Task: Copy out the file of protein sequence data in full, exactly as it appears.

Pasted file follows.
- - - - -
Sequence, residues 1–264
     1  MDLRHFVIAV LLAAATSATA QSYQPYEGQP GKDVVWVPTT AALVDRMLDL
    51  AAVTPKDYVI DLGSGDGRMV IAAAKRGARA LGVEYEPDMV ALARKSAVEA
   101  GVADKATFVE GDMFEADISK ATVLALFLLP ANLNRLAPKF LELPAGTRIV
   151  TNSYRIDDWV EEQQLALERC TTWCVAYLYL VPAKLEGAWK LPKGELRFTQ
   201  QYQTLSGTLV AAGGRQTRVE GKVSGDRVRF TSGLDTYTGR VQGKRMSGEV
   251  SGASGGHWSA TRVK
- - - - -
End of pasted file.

Sequence, residues 1–264
     1  MDLRHFVIAV LLAAATSATA QSYQPYEGQP GKDVVWVPTT AALVDRMLDL
    51  AAVTPKDYVI DLGSGDGRMV IAAAKRGARA LGVEYEPDMV ALARKSAVEA
   101  GVADKATFVE GDMFEADISK ATVLALFLLP ANLNRLAPKF LELPAGTRIV
   151  TNSYRIDDWV EEQQLALERC TTWCVAYLYL VPAKLEGAWK LPKGELRFTQ
   201  QYQTLSGTLV AAGGRQTRVE GKVSGDRVRF TSGLDTYTGR VQGKRMSGEV
   251  SGASGGHWSA TRVK